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Theodor Seuss Geisel, “Dr. Seuss” Makenzie Vizard, Lily Hurr, Cindy Rice, Abby Procton

Dr. Seuss made a point of not beginning a story with a moral in mind. He was not against writing about issues, however. He stated that “there’s an inherent moral in every story”.

“Sometimes the questions are complicated and the answers are simple.” - Dr. Seuss

March 2, 1904 – September 24, 1991

My hope is that while working as a designer, my work is always my passion. I hope to always look forward to doing my job and to know that there is no other way I would rather be spending my days. Loving my job and using it to help people everywhere are essentially the things that I want throughout my future as a designer.

To me, designing is about creating something that is personal to you or whoever you are designing for. It is about making small changes that will have big impacts. I design from my heart, not my head.

I believe that design truly is in everything. I want to design in order to make more people aware of this and urge them to question standards and precedents. I hope this will lead to more aware and sustainable design.

Design with your heart, but also with a purpose. Leave your mind open to the world around you; a limited viewpoint limits your impact. Use design to create a better world for someone, even if it is just one someone.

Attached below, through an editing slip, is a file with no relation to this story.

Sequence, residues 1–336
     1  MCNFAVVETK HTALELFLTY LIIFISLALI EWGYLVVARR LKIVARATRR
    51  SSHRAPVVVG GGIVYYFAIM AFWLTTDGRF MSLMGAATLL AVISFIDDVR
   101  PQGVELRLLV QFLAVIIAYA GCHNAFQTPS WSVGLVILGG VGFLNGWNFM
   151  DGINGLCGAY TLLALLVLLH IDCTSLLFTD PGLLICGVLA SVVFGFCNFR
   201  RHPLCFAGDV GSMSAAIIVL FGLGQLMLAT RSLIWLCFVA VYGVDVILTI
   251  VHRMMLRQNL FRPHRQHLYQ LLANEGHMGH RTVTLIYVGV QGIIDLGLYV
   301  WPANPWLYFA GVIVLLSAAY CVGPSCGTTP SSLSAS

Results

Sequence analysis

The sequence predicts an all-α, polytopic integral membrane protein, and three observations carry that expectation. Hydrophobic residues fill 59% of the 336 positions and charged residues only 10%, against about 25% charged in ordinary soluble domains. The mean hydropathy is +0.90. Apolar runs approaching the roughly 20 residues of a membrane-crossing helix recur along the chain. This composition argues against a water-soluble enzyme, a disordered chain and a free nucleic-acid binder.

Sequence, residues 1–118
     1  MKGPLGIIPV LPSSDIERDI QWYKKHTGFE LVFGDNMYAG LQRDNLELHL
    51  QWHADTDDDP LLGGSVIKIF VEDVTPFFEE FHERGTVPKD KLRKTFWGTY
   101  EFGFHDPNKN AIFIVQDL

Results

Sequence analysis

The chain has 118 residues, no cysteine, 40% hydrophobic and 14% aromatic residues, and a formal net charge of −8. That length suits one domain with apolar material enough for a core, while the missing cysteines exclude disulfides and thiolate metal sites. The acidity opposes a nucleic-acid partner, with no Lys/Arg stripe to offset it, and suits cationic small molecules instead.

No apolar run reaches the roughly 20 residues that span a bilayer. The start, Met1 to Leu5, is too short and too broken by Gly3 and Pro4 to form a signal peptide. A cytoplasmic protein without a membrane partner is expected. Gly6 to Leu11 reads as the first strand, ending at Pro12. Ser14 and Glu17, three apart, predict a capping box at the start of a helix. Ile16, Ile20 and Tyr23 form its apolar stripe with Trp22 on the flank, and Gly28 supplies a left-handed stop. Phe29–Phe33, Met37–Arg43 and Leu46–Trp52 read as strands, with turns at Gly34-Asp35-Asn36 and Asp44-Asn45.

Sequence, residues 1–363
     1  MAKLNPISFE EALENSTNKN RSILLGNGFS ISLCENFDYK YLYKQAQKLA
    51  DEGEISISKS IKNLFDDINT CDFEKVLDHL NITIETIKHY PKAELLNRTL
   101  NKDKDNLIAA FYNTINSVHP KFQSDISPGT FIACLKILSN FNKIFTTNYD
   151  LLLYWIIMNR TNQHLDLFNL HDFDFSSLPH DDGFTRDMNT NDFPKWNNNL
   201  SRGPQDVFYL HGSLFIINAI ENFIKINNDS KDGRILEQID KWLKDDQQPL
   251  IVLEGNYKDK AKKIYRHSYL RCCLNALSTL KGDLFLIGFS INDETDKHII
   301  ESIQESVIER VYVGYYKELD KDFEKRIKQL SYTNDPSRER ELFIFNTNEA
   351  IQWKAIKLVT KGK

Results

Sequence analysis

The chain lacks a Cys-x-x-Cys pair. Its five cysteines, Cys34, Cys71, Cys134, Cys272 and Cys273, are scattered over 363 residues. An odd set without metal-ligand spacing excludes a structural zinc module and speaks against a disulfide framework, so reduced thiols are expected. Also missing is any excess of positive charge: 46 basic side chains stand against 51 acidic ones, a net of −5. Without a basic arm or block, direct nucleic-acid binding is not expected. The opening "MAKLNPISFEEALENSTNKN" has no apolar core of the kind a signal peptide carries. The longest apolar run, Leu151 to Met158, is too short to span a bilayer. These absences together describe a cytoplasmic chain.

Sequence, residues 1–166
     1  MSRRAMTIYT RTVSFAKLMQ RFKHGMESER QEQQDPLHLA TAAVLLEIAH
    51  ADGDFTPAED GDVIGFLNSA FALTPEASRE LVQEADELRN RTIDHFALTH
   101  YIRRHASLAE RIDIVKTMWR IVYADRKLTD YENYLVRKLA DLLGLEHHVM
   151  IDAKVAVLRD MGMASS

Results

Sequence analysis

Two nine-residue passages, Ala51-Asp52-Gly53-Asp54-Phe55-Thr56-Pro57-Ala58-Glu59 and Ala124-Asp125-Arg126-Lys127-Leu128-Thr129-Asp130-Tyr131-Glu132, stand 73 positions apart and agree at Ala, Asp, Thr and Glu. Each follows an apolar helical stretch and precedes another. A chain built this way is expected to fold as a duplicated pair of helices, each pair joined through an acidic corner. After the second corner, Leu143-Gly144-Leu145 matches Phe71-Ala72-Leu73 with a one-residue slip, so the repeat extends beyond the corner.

Great design relies on passion. We believe in designing from our hearts, not our heads. We design with the hope of impacting others whether it be people worldwide or just a single person because in the words of Dr. Seuss, "a person's a person, no matter how small!“

"Writing simply means no dependent clauses, no dangling things, no flashbacks, and keeping the subject near the predicate. We throw in as many fresh words we can get away with. Simple, short sentences don't always work. You have to do tricks with pacing, alternate long sentences with short, to keep it vital and alive.... Virtually every page is a cliffhanger--you've got to force them to turn it." Dr. Seuss

“The ultimate answer to the dilemma is not for designers to become as gods but for the design process to become more public so that everyone who is affected by design decisions can foresee what can be done and can influence the choices that are made.” -John Chris Jones, “What is Designing?” pg. 79

“What design designs are the relations between things and persons and things and nature. Nonethical design reduces these to commodity relation” --Clive Dilnot, “Ethics in Design” pg.183 "because designers think about their work in a specific way, this affects how design appears and functions in the world“ -Louis Bucciarelli, “Designing Engineers” (p. 71)

Journal Entry:

“At Sony they look at the consumer first and base a design around a specific target group in order to meet their particular needs and embody that culture. This method makes sense in order to produce an item to sell. It explains perfectly the popularity of the Sony Walkman and Apple’s iconic family of iPods.” Journal #2

Dr. Seuss’ Design Process

Dr. Seuss claimed his ideas started with doodles: "I may doodle a couple of animals; if they bite each other, it's going to be a good book."

Sources •

Peter Bunzel (1959-04-06). "The Wacky World of Dr. Seuss Delights the Child—and Adult— Readers of His Books". Life (Chicago: Time Inc.). ISSN 0024-3019. OCLC 1643958. "Most of Geisel's books point a moral, though he insists he never starts with one. 'Kids,' he says, 'can see a moral coming a mile off and they gag at it. But there's an inherent moral in any story.' “ ml(source)&sa=D&sntz=1&usg=AFQjCNE9bLk3zjhZpmsMbIkhPsVk3B1fXw

Dr. Seuss Final  
Dr. Seuss Final  

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